Microsoft Silverlight

What Does Microsoft Silverlight Mean?

Microsoft Silverlight is a multimedia framework for designing rich web applications with graphics and video. It uses a plug-in for several browsers, including Internet Explorer. While it was initially popular for creating streaming video, Microsoft announced that the product was reaching end of life in 2012. Silverlight is based on the .NET platform. It is also one of the two application development environments on Windows Phone.


Techopedia Explains Microsoft Silverlight

Microsoft Silverlight, first released in 2007, allows web developers to publish multimedia content on their websites as an alternative to Adobe Flash. Although it was intended as one of the development environments on Windows Phone, its best-known application is streaming video. Early versions of Netflix’s and Amazon’s streaming video services used Silverlight. Other notable uses included NBC’s streaming of the 2008 Summer Olympics, the 2010 Winter Olympics, as well as the 2008 Democratic and Republican conventions in the U.S. over the web. In May 2011, a survey estimated that Silverlight had a market penetration of around 64 percent.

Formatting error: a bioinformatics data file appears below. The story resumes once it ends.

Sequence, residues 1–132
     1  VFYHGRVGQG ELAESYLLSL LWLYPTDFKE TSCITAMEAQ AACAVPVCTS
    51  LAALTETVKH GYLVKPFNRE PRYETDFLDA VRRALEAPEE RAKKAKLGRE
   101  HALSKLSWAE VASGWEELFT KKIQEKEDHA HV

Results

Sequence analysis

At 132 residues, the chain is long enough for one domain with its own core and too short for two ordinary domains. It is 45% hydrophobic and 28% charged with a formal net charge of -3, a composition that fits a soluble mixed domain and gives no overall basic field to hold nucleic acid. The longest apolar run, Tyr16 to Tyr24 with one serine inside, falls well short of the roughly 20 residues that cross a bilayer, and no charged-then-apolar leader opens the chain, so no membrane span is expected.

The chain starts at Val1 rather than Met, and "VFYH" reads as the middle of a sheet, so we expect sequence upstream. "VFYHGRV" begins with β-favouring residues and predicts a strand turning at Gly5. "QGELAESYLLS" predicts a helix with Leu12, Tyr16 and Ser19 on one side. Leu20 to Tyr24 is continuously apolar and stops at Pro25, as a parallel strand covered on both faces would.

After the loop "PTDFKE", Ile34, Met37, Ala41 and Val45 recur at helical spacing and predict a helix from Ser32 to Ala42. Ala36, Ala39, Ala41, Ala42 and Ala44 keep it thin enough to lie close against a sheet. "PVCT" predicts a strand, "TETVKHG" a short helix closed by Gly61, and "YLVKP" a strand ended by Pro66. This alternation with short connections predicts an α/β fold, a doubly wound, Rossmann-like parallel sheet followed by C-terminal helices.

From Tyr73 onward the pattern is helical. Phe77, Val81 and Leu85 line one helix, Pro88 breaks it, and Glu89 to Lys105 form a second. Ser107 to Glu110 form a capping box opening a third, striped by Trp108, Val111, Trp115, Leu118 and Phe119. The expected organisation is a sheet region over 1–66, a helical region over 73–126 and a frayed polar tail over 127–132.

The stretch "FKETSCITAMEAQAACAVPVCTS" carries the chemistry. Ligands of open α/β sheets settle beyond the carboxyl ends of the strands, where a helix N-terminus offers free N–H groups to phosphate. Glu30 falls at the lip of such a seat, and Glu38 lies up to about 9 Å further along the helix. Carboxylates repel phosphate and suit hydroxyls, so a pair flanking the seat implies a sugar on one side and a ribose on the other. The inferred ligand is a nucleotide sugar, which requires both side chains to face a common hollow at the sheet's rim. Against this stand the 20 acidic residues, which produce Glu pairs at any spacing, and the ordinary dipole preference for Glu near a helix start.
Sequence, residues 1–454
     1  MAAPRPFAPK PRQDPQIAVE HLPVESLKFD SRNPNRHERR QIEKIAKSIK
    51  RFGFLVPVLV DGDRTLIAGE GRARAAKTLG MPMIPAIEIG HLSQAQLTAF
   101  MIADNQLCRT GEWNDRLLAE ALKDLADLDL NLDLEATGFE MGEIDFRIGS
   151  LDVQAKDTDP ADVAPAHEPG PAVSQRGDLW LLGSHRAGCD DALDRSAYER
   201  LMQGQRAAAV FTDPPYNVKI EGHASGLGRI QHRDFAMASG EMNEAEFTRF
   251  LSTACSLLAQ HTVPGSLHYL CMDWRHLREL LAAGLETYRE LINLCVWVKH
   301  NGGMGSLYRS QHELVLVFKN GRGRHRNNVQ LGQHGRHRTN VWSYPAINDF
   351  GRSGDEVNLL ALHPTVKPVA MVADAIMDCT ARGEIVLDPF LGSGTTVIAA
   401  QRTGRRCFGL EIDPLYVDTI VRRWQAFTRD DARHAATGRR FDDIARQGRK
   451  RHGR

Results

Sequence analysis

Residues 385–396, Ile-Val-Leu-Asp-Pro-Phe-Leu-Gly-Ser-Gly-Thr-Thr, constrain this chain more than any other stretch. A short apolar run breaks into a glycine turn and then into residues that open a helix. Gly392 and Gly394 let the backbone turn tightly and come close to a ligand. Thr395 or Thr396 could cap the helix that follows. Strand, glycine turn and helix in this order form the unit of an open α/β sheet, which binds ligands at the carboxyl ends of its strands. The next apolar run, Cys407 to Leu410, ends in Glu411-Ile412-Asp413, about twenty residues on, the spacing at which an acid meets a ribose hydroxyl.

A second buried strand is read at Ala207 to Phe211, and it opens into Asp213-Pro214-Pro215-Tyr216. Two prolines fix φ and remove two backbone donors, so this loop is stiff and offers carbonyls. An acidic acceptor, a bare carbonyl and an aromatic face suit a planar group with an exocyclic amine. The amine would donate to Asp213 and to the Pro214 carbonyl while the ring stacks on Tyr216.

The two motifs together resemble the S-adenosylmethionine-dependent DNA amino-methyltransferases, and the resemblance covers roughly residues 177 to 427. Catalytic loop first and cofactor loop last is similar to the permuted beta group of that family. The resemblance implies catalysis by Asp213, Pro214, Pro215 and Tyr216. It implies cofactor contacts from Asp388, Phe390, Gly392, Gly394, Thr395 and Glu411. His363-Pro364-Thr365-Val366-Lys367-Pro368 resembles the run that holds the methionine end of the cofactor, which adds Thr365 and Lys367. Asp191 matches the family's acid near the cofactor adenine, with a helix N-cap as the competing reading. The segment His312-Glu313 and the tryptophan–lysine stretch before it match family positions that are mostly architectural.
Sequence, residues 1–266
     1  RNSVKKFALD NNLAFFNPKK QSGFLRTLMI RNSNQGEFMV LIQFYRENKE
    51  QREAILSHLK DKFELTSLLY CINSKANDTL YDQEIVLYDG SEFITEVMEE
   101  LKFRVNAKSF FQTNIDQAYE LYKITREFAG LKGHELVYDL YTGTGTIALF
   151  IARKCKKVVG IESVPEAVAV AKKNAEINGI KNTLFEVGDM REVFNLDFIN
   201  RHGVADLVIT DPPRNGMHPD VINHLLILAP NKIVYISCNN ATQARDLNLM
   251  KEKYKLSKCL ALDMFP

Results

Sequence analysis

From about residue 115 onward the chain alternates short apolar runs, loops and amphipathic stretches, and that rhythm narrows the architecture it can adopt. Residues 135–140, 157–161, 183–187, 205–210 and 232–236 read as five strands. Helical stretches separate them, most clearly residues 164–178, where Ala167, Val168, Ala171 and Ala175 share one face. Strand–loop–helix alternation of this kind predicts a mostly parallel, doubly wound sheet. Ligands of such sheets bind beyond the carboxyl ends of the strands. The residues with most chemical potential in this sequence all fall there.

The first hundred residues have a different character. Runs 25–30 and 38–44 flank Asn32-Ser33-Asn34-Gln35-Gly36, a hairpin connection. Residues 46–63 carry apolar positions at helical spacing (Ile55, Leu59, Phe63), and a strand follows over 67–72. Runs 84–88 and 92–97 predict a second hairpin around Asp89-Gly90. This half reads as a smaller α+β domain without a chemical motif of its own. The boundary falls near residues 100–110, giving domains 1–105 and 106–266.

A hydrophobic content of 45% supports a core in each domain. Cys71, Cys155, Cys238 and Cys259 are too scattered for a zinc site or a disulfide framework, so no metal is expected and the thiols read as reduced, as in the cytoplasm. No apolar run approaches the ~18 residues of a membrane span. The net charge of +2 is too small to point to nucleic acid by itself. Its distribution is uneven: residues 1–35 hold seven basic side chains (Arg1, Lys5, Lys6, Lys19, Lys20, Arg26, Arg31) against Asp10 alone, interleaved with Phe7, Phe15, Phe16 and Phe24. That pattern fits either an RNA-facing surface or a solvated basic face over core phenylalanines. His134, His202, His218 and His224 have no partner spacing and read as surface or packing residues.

Despite its success, Silverlight attracted criticism from advocates of open source and open web standards because of its use of a proprietary plug-in which was not supported on Linux browsers. Novell, working with Microsoft, developed an open source implementation called Moonlight, but eventually abandoned it due to lack of popularity.

In 2012, Microsoft announced the end of life of Silverlight, citing the move away from proprietary formats to HTML5 for multimedia on the web. Microsoft still plans to support Silverlight through October 2021.


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Margaret Rouse
Technology Expert

Margaret is an award-winning technical writer and teacher known for her ability to explain complex technical subjects to a non-technical business audience. Over the past twenty years, her IT definitions have been published by Que in an encyclopedia of technology terms and cited in articles by the New York Times, Time Magazine, USA Today, ZDNet, PC Magazine, and Discovery Magazine. She joined Techopedia in 2011. Margaret's idea of a fun day is helping IT and business professionals learn to speak each other’s highly specialized languages.